Sautéed or wilted greens are a traditional southern dish that is delicious and nutritious at the same time. Made with bacon, onions, garlic and olive oil, they are a great way to enjoy kale, collard greens, mustard greens, and chard. Because of their benefits, why not enjoy healthy leaves all winter long by pressure canning greens?
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Different Types of Greens
When it comes to pressure canning greens, you have a lot of different varieties of greens to choose from. If you grow greens in your garden or frequent farmer’s markets, you may be familiar with these different types. If you haven’t tried them, check with your local grocery store’s produce section to give them a try.
Collard greens are a very popular green in the Southern region of the United States. They are wonderful when sautéed, or sliced thinly and eaten raw in a salad.
A member of the cabbage family, kale leaves can be curly or flat. They can be green or purple. Because kale is nutrient dense and widely available, more people are discovering kale and adding it to their salads, smoothies, and soup. For snacking, you can find dried kale chips in the store or prepare them yourself.
A spicy tasting green when raw, mustard greens develop a milder flavor when cooked.
An extremely versatile green, try chard wilted, added to your salad, or mixed into recipes. It comes in a rainbow of colors.
Besides the common greens mentioned above, there are several other greens that are delicious and suitable for canning. Beet tops have an earthy taste and are a great substitute for spinach in recipes. Turnips greens have a peppery taste and cook up quite well.
How Many Greens will I need for Canning?
A lot! A whole bushel of greens will shrink down into a small batch when wilted. When pressure canning greens, the general rule is 28 pounds (12.7 kilograms) of cleaned greens (the leaves only) will make 7 quarts of greens. A bushel of greens is about 18 pounds (8.16 kilograms), and that will fill approximately 9 pint jars.
How to Clean Greens
First, remove the leaves from the stems. While the stems are edible, they do not cook at the same rate as the leaves. Most cooks discard the stems when cooking and put them in the compost pile.
Wash the leaves very well in cool water. You will be washing a lot of greens, so we recommend that you wash the greens in small batches, about a pound at a time. Submerse them in a bowl of water and swirl them around, until the dirt and grit will fall to the bottom of the bowl. Repeat this step until the water in your bowl remains clean.
Shake the excess water and set the leaves aside until you are ready to steam or boil the greens.
Preparing the Greens
Before pressure canning greens, you need to do some preparation. There are a few ways to prepare the greens for canning. The first method is to steam them. Place a pound (.45 kilograms) of greens in a steamer basket, and steam them for 3 to 5 minutes until they are well wilted (soft in texture and drooping). Set them aside and do the next batch until all greens are complete.
Another method is to place the clean greens in large stockpot. Cover them with water, set it on the stove, and bring it to a simmer. Stir the leaves around until they are wilted. Depending on the size of your stockpot, you can prepare a lot of greens at once.
Pressure Canning Greens
NOTE: If you are new to pressure canning, refer to our comprehensive guide to Pressure Canning. In this guide, you will be introduced to equipment, how to sterilize jars, and how to use a pressure canner. If you need to purchase a pressure canner, check out our pressure canner buying guide. It is a great investment!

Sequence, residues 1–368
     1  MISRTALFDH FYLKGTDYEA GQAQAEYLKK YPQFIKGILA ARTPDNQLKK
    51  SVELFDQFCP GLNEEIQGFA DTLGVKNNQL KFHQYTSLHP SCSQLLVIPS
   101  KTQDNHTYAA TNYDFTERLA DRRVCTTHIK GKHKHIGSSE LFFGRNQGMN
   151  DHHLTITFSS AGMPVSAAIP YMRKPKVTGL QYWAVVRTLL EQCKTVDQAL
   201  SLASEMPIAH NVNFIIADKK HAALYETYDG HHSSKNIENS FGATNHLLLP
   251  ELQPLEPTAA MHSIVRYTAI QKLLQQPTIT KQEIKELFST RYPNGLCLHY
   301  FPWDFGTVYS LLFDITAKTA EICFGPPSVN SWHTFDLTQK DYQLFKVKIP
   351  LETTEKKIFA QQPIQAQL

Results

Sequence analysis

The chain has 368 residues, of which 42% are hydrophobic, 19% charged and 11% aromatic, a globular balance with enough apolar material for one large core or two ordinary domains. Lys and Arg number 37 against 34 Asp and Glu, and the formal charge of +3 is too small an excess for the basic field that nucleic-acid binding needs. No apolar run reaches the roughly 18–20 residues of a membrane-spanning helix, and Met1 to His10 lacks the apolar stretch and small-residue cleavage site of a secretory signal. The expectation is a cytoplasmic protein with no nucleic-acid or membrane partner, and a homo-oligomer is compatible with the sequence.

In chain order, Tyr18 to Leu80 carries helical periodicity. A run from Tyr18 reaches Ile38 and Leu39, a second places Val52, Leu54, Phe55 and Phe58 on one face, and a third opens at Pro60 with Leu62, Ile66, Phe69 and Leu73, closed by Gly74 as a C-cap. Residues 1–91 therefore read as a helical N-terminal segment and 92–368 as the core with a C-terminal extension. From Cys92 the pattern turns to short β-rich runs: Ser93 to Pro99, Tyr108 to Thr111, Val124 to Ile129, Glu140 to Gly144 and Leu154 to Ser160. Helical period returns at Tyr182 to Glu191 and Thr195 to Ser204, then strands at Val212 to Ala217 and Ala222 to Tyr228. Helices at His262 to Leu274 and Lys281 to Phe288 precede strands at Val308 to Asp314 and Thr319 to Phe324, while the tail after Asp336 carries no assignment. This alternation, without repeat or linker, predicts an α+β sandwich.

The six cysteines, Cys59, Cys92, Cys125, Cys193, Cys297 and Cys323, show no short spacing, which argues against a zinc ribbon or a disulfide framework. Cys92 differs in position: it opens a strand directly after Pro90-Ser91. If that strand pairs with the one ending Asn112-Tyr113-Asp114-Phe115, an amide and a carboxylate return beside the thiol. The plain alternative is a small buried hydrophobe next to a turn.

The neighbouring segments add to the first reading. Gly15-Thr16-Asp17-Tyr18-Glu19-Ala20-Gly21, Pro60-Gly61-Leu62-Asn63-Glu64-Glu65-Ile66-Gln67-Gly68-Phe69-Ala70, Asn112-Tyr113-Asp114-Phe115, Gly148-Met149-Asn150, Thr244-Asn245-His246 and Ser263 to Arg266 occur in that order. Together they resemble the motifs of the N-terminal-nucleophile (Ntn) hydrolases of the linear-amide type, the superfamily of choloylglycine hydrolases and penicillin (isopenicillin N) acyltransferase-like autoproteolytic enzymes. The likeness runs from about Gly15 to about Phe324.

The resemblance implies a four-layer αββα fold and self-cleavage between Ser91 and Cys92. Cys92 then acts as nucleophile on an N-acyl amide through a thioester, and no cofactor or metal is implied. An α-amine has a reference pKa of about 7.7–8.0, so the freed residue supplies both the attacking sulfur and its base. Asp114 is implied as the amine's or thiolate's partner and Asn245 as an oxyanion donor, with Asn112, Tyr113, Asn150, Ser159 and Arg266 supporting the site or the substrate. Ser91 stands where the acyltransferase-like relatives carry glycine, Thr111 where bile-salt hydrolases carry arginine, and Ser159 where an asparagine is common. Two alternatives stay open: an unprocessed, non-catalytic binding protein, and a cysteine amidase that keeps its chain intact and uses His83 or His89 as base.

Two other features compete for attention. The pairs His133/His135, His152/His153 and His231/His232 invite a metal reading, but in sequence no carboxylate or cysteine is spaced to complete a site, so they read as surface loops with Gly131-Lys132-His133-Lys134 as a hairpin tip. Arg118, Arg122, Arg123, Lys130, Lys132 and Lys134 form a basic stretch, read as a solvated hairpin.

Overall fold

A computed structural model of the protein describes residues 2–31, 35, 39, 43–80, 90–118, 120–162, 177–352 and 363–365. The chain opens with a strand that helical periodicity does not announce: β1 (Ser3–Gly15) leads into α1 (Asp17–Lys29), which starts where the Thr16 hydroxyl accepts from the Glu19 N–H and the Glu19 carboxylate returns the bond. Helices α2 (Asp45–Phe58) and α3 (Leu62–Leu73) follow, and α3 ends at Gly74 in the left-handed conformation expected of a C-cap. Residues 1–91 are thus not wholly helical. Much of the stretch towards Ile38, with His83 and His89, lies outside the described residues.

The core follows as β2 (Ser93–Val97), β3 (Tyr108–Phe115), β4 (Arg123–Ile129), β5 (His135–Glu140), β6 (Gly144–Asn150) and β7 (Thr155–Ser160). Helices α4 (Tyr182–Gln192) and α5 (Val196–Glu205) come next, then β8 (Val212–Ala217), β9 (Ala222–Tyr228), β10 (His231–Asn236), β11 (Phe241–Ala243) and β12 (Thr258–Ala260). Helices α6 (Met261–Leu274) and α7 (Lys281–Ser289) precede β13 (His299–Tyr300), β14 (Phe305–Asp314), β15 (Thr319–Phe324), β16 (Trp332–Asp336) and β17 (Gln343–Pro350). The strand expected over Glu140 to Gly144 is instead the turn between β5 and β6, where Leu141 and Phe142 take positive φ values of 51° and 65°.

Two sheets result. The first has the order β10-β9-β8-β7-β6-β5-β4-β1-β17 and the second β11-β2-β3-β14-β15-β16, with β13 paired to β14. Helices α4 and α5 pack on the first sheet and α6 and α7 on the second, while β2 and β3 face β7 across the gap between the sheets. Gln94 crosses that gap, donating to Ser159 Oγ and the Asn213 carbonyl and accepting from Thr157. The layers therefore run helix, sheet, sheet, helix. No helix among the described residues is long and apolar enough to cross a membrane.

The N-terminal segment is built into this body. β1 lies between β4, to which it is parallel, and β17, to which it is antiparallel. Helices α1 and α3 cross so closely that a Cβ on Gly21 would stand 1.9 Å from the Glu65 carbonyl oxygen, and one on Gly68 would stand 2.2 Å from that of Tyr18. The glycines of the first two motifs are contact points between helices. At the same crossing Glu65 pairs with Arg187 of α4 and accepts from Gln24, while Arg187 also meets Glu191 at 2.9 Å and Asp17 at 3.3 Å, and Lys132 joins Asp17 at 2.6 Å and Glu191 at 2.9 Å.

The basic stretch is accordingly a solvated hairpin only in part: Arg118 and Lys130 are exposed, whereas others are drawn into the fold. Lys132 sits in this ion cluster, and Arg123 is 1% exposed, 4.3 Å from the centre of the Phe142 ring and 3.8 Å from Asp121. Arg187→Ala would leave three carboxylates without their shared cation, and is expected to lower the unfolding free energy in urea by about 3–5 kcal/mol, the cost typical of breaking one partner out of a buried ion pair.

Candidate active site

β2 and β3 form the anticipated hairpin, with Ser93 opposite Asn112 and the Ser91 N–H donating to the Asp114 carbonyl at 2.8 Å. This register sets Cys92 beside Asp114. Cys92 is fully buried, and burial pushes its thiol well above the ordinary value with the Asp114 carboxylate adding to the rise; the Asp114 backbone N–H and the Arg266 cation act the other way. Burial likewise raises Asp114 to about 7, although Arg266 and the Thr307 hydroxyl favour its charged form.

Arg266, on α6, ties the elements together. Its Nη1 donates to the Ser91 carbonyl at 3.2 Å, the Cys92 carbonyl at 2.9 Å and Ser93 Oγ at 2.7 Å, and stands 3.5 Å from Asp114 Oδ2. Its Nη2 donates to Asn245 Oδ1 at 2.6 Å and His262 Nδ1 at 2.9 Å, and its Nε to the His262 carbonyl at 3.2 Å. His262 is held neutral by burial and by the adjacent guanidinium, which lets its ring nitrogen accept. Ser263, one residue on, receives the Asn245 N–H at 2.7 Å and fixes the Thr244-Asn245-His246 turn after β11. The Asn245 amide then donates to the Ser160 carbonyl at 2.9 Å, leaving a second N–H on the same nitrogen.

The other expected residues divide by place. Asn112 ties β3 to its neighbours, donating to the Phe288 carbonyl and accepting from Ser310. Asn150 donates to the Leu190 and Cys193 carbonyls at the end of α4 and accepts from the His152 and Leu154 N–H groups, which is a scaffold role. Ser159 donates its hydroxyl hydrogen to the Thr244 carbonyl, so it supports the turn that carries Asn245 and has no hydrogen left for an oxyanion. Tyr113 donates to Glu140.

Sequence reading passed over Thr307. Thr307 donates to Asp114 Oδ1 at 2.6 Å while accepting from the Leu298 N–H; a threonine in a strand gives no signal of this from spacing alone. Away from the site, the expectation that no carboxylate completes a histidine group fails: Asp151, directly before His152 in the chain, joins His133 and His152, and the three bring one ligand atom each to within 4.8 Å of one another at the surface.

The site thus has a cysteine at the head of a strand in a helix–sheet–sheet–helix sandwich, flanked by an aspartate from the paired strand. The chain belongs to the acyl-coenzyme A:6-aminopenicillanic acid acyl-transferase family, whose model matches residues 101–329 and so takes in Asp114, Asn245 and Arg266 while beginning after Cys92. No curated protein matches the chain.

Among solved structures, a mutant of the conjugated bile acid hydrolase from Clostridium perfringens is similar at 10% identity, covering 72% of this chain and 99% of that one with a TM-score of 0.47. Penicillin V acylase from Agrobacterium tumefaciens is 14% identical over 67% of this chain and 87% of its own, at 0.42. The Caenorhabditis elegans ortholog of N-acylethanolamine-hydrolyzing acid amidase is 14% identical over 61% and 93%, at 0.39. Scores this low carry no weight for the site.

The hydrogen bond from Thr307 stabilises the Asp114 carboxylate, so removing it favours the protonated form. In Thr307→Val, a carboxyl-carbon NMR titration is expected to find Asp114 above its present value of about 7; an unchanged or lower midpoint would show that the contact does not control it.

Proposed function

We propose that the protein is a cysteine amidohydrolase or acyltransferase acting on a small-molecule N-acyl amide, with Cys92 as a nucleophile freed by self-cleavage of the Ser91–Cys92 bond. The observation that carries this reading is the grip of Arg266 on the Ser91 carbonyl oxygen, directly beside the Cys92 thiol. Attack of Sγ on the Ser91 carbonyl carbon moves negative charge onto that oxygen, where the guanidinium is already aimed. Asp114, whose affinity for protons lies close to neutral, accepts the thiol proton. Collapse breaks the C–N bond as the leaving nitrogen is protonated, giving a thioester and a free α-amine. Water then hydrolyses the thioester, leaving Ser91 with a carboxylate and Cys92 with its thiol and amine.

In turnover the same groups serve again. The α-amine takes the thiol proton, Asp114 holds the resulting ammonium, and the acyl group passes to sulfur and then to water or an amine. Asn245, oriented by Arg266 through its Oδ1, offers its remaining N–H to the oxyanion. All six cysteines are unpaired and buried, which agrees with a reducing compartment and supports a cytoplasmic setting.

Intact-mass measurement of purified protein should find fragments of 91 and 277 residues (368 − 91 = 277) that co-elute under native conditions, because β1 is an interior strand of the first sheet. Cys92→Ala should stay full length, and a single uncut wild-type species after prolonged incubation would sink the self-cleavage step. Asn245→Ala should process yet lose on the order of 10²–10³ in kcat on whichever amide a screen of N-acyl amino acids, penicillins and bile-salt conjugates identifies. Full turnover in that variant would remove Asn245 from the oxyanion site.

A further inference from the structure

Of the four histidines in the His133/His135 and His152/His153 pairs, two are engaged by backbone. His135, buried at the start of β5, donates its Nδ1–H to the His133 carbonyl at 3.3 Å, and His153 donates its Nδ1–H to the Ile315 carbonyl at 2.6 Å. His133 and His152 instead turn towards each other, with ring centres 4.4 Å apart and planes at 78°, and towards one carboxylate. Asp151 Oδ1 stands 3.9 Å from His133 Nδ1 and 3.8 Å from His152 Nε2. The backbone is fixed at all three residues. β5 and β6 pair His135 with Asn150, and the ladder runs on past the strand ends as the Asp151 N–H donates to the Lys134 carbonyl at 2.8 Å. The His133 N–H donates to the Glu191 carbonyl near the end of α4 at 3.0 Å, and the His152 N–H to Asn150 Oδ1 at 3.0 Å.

Once the greens are wilted, place them in prepared jars, and spoon hot liquid over the top of them. If you steamed the greens, have a pot of boiling water on the stove ready for this process. If you boiled the greens, you can use the liquid from the stockpot. This will retain any nutrients that are naturally leached into the water during the boiling process.
Following the guide mentioned above, remove the air bubbles with a canning bubble popper, wipe the jar tops with a clean towel, add the lids and tighten the screw tops. Place the jars into the pressure canner, put the lid on, and begin the processing. Depending on your type of pressure canner, the canning process might be slightly different with regards to regulating pressure, when to start the timer, etc. Because of this, it is best to follow the instructions that came with your canner.
Start the Timer
As a general rule, process pints for 70 minutes and quarts for 90 minutes. Use 10-11 PSI at sea level and up to 15 PSI at higher altitudes. Refer to your pressure canning manual and the Pressure Canning Altitude Chart for the correct processing time in your area.
Once the processing time is complete and the jars have cooled completely, remove the rings and store the jars in a cool pantry until ready to use.
Recipes using Canned Greens
My favorite way to use fresh or canned greens is a simple sauté with some olive oil, garlic, bacon, salt and pepper.
- Add 2 tablespoons of olive oil to a sauté pan,
- Mince 2 cloves of garlic, toss it in the hot oil, and stir for a minute or two,
- Chop 3-4 slices of bacon into 1/2 inch pieces and add them to the pan. Cook the bacon until it is crisp,
- Once the bacon is crisp and the garlic is soft, add the jar of drained greens,
- Stir until the greens are hot,
- Add salt and pepper to taste,
Sautéed greens any time of year is divine, and to be able to have them in winter is a bonus. Pressure canning greens is easy and it’s wonderful to add all those healthy nutrients to your diet when fresh produce is not available.
We’d love to hear about your experiences pressure canning greens. What is your favorite green and how do you use canned or fresh greens?